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Stuck in the middle: managing pressure and staying motivated in mid-level roles.

Do you sit somewhere in the middle in your organisation’s hierarchy? If you do, how’s life? It’s quite likely you feel that you are constantly in a work pressure sandwich with frequent demands from above and below. You may well be trying to understand what your development path is and stay motivated around further progressing your career. Life pressures away from work could be significant and you might be struggling to manage the crossover between work and the rest of your life. This begins to build into quite a depressing scenario, but life in the middle doesn’t have to be this way.

Let’s paint an alternative picture. You can see across your organisation, above, below and all around you. This puts you in a position where you can have an impact and influence in all directions. You have a myriad of developmental options across your organisation. Your life is rich and varied and you can blend your work into the rest of your life in a way than enhances both. This isn’t utopia. It is achievable but often requires that we radically rethink life in the middle and, just as challengingly, change our habits and behaviour.

We need to start by ensuring we avoid a state of learned helplessness. Martin Seligman defines this state as ‘the giving-up reaction, the quitting response that follows from the belief that whatever you do doesn’t matter.’ (Seligman, 2006, p15). Working with a wide range of mid-level people in businesses and organizations I frequently see signs of learned helplessness. For example, I often hear managers say that they feel they cannot do anything because they are completely overloaded. However, there is plenty of evidence that other factors such as the level of perceived control people have, or the extent to which they feel supported, can be just as important as workload in determining effectiveness. This is a classic situation where facing extreme pressure in one area can feel overpowering to the point that we no longer believe we can make a significant difference in any aspect of our life.

I am currently writing a book, with Professor Cary Cooper, which will be published early next year with the focus on managing in mid-level roles. A key objective of the book is to help people reframe their experience of life in the middle. It is targeted at those that undertake middle management activity rather than specifically middle managers. While few have the job title of middle manager many undertake middle management as a core part of their role.

Historically the view of the middle manager has been far from positive. Back in 1990 a typical middle manager was profiled as ‘a frustrated, disillusioned individual caught in the middle of a hierarchy, impotent and with no real hope for career progression.’ (Dopson & Stewart, 1990). In fact management activity generally seems to have become progressively less fashionable in the past two or three decades, particularly in comparison to leadership. I am not setting out to argue that being a middle manager should be held up as the pinnacle of achievement or the ultimate aspiration! Rather I am suggesting that middle management as an area of functional activity is important and forms a large part of the day-to-day role played by many people in organisations.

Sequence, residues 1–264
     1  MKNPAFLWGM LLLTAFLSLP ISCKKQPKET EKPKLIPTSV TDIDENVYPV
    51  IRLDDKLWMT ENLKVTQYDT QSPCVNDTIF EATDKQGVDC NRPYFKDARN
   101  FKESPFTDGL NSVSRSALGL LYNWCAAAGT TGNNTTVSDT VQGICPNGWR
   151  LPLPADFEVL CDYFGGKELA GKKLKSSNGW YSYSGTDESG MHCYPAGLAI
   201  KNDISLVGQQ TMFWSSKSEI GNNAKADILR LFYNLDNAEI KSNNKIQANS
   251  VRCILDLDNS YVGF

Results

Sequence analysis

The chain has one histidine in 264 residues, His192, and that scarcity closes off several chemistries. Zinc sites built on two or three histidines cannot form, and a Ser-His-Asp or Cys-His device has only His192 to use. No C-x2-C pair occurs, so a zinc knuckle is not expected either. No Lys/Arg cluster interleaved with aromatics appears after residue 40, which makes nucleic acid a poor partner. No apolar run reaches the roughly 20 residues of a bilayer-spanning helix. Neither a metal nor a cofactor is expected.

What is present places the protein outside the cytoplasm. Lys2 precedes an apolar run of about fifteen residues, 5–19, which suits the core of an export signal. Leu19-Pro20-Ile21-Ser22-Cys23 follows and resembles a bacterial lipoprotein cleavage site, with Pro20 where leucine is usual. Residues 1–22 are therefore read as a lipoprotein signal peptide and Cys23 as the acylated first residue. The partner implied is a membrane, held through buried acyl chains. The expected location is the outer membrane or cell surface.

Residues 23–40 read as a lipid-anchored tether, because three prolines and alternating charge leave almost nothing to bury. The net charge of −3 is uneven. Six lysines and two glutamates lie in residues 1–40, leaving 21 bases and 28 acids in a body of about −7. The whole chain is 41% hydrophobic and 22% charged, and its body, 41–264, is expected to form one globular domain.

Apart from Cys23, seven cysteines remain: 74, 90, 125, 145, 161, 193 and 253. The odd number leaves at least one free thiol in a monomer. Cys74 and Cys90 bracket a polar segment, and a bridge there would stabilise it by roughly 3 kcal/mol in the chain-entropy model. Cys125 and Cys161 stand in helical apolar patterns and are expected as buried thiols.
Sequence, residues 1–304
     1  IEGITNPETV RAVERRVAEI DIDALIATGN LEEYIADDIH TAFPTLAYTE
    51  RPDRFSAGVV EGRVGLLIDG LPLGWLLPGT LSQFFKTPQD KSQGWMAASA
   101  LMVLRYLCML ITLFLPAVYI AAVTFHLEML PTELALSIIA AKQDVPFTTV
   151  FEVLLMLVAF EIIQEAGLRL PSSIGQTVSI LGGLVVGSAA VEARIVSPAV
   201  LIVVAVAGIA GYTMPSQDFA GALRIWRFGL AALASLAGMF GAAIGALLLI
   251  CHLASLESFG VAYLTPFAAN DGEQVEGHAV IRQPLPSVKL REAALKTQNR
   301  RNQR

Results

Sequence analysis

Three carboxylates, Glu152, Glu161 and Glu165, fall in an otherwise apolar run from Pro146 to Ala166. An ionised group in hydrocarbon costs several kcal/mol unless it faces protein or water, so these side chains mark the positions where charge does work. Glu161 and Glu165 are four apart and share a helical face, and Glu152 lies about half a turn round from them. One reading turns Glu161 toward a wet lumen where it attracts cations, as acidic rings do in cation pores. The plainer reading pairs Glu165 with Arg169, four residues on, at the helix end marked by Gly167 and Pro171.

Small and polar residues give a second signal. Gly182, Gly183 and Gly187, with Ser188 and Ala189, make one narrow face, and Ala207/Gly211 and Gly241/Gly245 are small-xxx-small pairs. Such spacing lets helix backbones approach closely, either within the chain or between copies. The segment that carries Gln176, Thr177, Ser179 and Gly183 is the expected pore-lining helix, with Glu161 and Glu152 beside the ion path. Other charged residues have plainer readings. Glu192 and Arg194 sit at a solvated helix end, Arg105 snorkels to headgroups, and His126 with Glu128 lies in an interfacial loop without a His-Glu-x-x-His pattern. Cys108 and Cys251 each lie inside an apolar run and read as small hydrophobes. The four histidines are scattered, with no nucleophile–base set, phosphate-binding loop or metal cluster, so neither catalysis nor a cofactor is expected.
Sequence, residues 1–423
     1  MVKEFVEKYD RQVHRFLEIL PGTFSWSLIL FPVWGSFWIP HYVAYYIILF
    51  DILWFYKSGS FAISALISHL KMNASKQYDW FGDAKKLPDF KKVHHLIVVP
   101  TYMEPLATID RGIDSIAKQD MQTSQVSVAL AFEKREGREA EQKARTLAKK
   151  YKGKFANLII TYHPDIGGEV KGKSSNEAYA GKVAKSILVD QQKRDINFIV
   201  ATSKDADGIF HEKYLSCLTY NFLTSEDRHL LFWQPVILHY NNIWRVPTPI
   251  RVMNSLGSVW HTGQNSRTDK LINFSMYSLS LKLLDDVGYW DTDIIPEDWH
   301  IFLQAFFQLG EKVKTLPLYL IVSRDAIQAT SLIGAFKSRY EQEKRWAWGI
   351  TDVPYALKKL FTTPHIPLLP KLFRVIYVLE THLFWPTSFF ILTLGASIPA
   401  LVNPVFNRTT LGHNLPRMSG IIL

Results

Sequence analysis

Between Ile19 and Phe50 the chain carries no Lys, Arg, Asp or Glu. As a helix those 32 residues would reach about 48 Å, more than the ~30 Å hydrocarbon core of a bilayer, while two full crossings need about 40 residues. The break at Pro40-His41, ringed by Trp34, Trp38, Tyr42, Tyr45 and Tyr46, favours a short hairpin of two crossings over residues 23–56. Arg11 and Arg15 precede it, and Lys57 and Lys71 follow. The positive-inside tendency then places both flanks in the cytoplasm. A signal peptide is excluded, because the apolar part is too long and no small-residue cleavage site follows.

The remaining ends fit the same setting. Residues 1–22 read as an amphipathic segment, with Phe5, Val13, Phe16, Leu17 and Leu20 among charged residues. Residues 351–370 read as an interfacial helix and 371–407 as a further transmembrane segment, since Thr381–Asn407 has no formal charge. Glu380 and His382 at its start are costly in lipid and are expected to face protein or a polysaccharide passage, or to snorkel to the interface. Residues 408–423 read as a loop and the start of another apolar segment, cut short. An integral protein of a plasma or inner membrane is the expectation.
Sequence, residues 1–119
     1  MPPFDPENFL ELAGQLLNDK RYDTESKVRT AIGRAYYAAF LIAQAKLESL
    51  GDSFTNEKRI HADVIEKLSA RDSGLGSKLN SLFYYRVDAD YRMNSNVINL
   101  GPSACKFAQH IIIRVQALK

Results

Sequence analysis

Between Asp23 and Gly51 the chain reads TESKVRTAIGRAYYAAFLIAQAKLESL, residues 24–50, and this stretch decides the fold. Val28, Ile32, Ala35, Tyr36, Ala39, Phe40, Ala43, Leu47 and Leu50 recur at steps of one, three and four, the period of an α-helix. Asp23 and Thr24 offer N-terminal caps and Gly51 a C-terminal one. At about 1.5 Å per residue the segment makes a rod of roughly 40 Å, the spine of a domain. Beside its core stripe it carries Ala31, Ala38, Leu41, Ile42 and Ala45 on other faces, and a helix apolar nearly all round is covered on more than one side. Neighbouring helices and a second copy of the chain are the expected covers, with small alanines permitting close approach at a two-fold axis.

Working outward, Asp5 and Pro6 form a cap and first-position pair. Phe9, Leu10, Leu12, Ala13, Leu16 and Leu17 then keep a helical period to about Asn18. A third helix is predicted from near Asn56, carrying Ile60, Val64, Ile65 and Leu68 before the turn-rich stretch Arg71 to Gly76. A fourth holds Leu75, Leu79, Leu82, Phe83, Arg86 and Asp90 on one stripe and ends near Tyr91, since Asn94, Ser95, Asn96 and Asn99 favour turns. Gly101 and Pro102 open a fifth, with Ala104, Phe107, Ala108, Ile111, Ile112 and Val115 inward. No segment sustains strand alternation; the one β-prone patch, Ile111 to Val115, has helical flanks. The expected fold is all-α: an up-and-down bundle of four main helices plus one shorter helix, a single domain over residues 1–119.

The demise of middle management has been predicted by many over the last few decades (e.g. Gratton, 2011). Yet in 2012 the Wall Street Journal estimated there were 10.8 million middle managers in the United States, making up nearly 8% of the total workforce. This represented a rise of close to 2% of the US workforce from 10 years previously. The middle could be the place where most people will spend the last two or three decades of their career. Therefore, we need to do all we can to ensure we are equipped to understand and handle the inherent pressures in that space, and to stay motivated and keep developing when that next promotion may never come.

I am seeking case studies for the new book from organisations that have done great work to support their mid-level people, either in terms of dealing with pressure or in their development. Please contact me if you have something relevant from your organisation that you’d like to share.


Dopson, S., & Stewart, R. (1990). What is happening to middle management. British Journal of Management, 1, 3-16.

Gratton, L. (2012). The End of the Middle Manager.

Seligman, M.E.P. (2006) Learned Optimism: How to Change Your Mind and Your Life. Vintage Books, New York.

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